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Gold Records Vol. 2 comprises every single, both A-sides and B-sides, released by Presley during 1958 and 1959, with the exception of "Hard Headed Woman" backed with "Don't Ask Me Why," both of which having been previously issued on King Creole. The singles all made the Top Five on the Billboard Hot 100, and the b-sides all charted in the Top 40 independently of the hit sides. In the 1950s, a gold record awarded for a single referred to sales of one million dollars gross to the company, different from the definition in use by the late 1970s for albums, where a gold record came to mean shipped sales of 500,000 units. Exact sales figures from the RIAA for each record, however, are difficult to confirm.
The original 1984 compact disc issue in reprocessed (fake) stereo sound was quickly withdrawn and reissued in original monophonic. The July 15, 1997 reissue doubles the number of tracks to 20, adding the b-side "Playing for Keeps" from a single issued on Elvis' first singles compilation. The remaining bonus tracks derive from albums and EP singles released in the decade, with "Peace in the Valley" released on both EP and Elvis' Christmas Album. The bonus tracks are interspersed within the original tracks, with the running order to the album substantially altered. The album was reissued again with the bonus tracks removed and the original running order restored.
Although RCA executive Steve Sholes was the in-house A&R man for Presley, and nominally in charge of his recording sessions at RCA, accounts by Presley historian Peter Guralnick and Presley discographer Ernst Mikael Jorgensen indicate that Presley himself acted as the producer for his RCA sessions in the 1950s.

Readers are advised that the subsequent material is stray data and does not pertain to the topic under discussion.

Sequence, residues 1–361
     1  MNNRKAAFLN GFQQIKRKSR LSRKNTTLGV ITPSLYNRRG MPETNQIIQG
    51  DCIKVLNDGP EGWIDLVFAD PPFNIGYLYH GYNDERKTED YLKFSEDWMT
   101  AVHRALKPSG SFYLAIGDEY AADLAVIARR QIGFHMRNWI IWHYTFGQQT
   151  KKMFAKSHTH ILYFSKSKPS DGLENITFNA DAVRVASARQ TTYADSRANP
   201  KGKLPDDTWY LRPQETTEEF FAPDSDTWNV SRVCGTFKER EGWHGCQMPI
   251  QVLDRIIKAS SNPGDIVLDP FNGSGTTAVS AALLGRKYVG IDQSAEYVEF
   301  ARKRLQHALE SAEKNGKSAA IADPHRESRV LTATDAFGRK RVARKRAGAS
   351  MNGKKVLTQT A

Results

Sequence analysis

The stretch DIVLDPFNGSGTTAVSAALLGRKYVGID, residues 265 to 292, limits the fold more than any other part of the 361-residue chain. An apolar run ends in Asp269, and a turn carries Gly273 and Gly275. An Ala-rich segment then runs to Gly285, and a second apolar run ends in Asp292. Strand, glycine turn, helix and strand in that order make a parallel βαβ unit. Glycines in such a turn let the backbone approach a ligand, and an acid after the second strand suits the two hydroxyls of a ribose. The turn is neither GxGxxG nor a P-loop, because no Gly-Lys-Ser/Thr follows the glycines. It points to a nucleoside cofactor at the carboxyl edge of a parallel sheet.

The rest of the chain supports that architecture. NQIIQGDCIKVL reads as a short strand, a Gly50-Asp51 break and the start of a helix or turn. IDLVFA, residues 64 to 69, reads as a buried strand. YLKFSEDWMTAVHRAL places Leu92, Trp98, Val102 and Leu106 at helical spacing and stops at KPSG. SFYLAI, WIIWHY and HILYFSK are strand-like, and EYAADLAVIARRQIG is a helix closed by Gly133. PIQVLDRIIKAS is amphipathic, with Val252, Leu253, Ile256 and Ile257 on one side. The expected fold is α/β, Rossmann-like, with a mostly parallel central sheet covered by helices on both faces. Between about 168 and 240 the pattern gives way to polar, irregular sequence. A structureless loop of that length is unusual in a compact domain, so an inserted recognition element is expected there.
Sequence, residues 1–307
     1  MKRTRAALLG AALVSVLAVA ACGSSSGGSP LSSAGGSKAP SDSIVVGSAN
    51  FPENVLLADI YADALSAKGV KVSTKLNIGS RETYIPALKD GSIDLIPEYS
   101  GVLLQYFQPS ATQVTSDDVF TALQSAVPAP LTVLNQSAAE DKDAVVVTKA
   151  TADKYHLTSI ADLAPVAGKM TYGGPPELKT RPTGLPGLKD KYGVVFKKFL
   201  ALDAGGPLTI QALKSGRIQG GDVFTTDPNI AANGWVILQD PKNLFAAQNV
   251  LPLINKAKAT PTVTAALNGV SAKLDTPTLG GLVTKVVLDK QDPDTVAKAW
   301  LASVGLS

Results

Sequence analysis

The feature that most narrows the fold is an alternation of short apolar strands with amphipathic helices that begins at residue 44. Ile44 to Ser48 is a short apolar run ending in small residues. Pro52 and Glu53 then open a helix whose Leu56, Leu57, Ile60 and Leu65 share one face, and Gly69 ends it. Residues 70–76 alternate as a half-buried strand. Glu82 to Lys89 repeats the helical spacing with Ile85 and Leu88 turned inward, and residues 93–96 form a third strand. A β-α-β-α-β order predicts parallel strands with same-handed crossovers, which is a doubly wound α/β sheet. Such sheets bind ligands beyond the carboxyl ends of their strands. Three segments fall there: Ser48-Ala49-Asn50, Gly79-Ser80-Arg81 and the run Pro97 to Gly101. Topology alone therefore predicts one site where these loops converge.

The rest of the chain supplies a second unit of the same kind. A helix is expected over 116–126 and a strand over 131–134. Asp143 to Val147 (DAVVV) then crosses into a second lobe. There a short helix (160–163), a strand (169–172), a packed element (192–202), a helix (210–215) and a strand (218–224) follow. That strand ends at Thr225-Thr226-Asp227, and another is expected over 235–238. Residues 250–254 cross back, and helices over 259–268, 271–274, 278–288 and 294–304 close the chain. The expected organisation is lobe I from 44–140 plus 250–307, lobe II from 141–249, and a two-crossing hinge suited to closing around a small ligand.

The unified Billboard Hot 100 singles chart was not created until August, 1958. Chart positions for records prior to this date would be taken from the "Best Sellers In Stores" chart, although early measurement of rock and roll records also came from the "Most Played In Jukeboxes" chart. Chart position for bonus album tracks taken from Billboard Top Pop Albums.
The famous cover photo, of multiple images of Elvis wearing the gold lamé suit designed by Nudie's of Hollywood, has been copied many times. Album covers so inspired include:
Phil Ochs' Greatest Hits album of 1970; not a "greatest hits" album at all but consisting of new original material, ironically subtitled "50 Phil Ochs Fans Can't Be Wrong!"
Mindless Self Indulgence's song "You'll Rebel To Anything" from their 2005 album of the same name contains the lyrics, "you're telling me that 50,000,000 screaming fans are never wrong, I'm telling you that 50,000,000 screaming fans are fucking morons".
Die! Die! Die!'s self-titled debut features a song named "Franz (17 Die! Die! Die! Fans Can't Be Wrong)" in 2006.
Stephen Pastis, author of comic strip Pearls Before Swine, released a collection in 2010 titled "50,000,000 Pearls Fans Can't Be Wrong."
In 2013, the band Supersuckers released a free digital EP entitled 50,000 Middle Fingers Can't Be Wrong.
The cover to Welcome to New York, a 1970s Rolling Stones bootleg, is a cartoon by William Stout, showing the Stones against a graffitied wall which includes the phrase "50,000,000 flies can't be wrong - eat shit!"
The title is itself a reference to the hit song of 1927, "Fifty Million Frenchmen Can't Be Wrong", by Willie Raskin, Billy Rose, and Fred Fisher, most notably performed by Sophie Tucker. It is also supposed to be an estimate of the number of singles that Presley sold worldwide by late 1959.
Its evolution of the phrase into a snowclone – as expressed in the Simpsonspastiche "Fifty million smokers can't be wrong," for example – ironically ridicules argumentum ad populum, the misconception that popularity or consensus equals validity.